People who struggle with sexual addiction seem to have had a common cluster of childhood problems. They were:
Life for them feels out of control, and all of their lives they have been desperately looking for love and emotional nourishment.
It is very common for addicts to come from divorced homes. The child or teen, feels caught in the middle of the parental conflict. "Who’s right? Who’s side am I supposed to be on? Why do they keep telling me all of their problems, as if I'm an adult? Why can't they just love each other and let me have some peace?"
In this nonstop raging battle within the home the child's needs for security, care, and emotional warmth, are totally overlooked. The parents are so preoccupied with their own problems that they are totally oblivious to the normal needs of the child. Plus, they don't have even the slightest insight into the terrible damage their causing in the child's immediate life â€” and for years to come.
Most people believe that children are not greatly affected by a divorce. Yes, they acknowledge some immediate pain, and divorcing parents try to excuse themselves by saying, "They will get over it". However, long-term studies by Wallerstein Tell a Different Story.
Her studies found that children somewhat did get over the marital breakup in about a year, however they continue to bear the emotional scars of the separation for many years into their lives.
Many studies, such as those by McGuire, have listed some of these long-term problems of children coming out of divorced homes. They have, "more behavioral problems, frequent truancy and delinquency, a lower work effort, a and less appropriate social behavior."
Additionally, McGuire discovered that children from divorced homes have many problems in relationships with people, as well as themselves:
Does this list described anyone you know? It's no wonder that children growing up in emotionally deprived homes will have a natural desire to reach out for someone to love them, to connect with them, to want them. The tragedy, however, is that these children have no understanding of how to achieve this warmth and connectedness with people. So they dropped into an addictive pattern â€” lust and sexual neediness.
In extensive studies which I've done, I discovered that it was not only children coming from legally divorced homes who struggled â€” but also people who came from emotionally divorced homes. In these homes the parents did not divorce, but there was no love and emotional connection in the home. In my book Adult Children of Legal or Emotional Divorce, I wrote about the national survey I conducted which affirmed many of the emotional deficits which others were finding about children who came from legally divorced homes, such as:
( For additional understanding about this problem, see the book, Adult Children of Legal or Emotional Divorce, by Jim Conway, Inter-Varsity press, 1990. Available at your library or at Borders.com)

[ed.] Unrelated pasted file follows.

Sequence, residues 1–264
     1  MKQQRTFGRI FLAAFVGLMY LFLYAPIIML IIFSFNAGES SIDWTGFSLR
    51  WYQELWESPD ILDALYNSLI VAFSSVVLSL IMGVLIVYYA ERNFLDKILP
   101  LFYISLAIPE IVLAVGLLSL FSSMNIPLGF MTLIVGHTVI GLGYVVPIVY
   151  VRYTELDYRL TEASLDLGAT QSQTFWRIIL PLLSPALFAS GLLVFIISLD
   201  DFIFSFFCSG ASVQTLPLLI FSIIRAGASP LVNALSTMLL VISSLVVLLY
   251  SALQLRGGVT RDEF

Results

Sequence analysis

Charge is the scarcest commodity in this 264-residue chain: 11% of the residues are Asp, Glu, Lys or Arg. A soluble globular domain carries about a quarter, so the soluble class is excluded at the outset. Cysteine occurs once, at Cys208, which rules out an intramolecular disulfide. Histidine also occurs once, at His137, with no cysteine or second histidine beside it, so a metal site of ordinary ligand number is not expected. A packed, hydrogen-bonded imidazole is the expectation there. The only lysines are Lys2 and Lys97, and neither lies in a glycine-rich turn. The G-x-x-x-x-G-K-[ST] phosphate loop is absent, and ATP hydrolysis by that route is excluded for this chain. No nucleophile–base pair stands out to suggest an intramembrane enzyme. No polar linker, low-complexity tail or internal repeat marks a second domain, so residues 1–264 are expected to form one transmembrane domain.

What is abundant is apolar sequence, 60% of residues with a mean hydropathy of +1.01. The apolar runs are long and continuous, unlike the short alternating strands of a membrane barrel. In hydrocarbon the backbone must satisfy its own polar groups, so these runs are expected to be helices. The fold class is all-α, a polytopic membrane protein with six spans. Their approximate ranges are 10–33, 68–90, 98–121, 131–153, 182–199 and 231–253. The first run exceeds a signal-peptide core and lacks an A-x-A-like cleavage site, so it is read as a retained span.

Another common trait for people who struggle with sexual addiction is that they came from sexually abusive homes. They may have been sexually molested by one of their parents, a relative, or someone else in their community.
But the sexual abuse of their childhood may have been just the climate of sexual talk & addiction. One of the parents may have been a sexual addict, or the home environment could have been one of constant sexual joking, innuendos, or flirting.
The child growing up in a sexual home feels confused. Part of the child's subconscious recognizes that the sexual acting out of the parents is wrong â€” but they are the adults! So conflict develops, "Do I listened to my conscience, or do I listen to my parents?" Typically the child begins to experience a less sensitive conscience, which then sets him up not to feel bad when he sexually exploits other people.
Growing up in a sexual home teaches a child not to have any boundaries in the area of sex. The child has watched the parents live without sexual boundaries or restraint, and that seems normal to the child. Many sexual addicts have no concept of boundaries, or of the pain cause other people by their sexual acting out.
The sexual addict sees only his or her needs and cannot understand the needs of other people. The addict learned exploitation in the parental home, not empathy.
Physically Abused. Another piece of the addiction puzzle is physical abuse. The child does not have enough life experience to judge the parents physical abuse of them as inappropriate. The child only concludes that he or she is bad. This sense of "badness", and physical abuse, causes the child to retreat for safety into a cave of isolation.
A common trait among sexual addicts is the inability to connect with people, yet they have a deep desire to be loved, accepted, and to be close. But the addict’s home life never taught them how to relate to people â€” only to be afraid. It is common for an addict to be with a group of people yet feel alone, disconnected, and fearful that someone might find out how really bad they are.
Sexual addicts are desperately looking for love and emotional nourishment. However they feel as if they are aliens who speak a different relational language. Everyone else seems to be able to connect â€” except them! Because they have always felt disconnected from their family, they feel as if they are doomed to a life of disconnection with people.
Conway / Farrel Articles ~ Reprint by permission only, ©2011 Midlife Dimensions ~ www.Midlife.com The Conways and Farrels are international speakers and popular authors. Midlife Dimensions is a ministry founded by the Conways and continued by the Farrels.
Conway / Farrel Articles ~ Reprint by permission only, ©2011
Midlife Dimensions ~ www.Midlife.com
The Conways and Farrels are international speakers and popular authors.
Midlife Dimensions is a ministry founded by the Conways and continued by the Farrels.